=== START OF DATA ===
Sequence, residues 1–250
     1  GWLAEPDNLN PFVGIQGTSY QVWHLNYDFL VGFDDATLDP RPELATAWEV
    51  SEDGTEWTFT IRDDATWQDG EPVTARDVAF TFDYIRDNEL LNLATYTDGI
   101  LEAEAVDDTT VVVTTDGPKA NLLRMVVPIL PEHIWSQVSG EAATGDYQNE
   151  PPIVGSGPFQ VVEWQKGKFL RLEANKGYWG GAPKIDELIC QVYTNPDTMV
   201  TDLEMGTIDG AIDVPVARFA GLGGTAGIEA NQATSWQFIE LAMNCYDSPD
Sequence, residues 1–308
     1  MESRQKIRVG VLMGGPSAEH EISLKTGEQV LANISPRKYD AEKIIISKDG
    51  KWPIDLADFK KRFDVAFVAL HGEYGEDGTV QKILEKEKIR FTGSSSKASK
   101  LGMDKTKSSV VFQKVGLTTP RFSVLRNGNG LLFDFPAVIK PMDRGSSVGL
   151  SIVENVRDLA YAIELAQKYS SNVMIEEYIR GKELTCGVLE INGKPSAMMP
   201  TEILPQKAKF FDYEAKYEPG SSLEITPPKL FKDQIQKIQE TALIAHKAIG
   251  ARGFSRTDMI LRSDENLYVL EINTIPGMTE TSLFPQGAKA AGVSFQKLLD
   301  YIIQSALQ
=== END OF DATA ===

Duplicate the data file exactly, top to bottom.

Sequence, residues 1–250
     1  GWLAEPDNLN PFVGIQGTSY QVWHLNYDFL VGFDDATLDP RPELATAWEV
    51  SEDGTEWTFT IRDDATWQDG EPVTARDVAF TFDYIRDNEL LNLATYTDGI
   101  LEAEAVDDTT VVVTTDGPKA NLLRMVVPIL PEHIWSQVSG EAATGDYQNE
   151  PPIVGSGPFQ VVEWQKGKFL RLEANKGYWG GAPKIDELIC QVYTNPDTMV
   201  TDLEMGTIDG AIDVPVARFA GLGGTAGIEA NQATSWQFIE LAMNCYDSPD
Sequence, residues 1–308
     1  MESRQKIRVG VLMGGPSAEH EISLKTGEQV LANISPRKYD AEKIIISKDG
    51  KWPIDLADFK KRFDVAFVAL HGEYGEDGTV QKILEKEKIR FTGSSSKASK
   101  LGMDKTKSSV VFQKVGLTTP RFSVLRNGNG LLFDFPAVIK PMDRGSSVGL
   151  SIVENVRDLA YAIELAQKYS SNVMIEEYIR GKELTCGVLE INGKPSAMMP
   201  TEILPQKAKF FDYEAKYEPG SSLEITPPKL FKDQIQKIQE TALIAHKAIG
   251  ARGFSRTDMI LRSDENLYVL EINTIPGMTE TSLFPQGAKA AGVSFQKLLD
   301  YIIQSALQ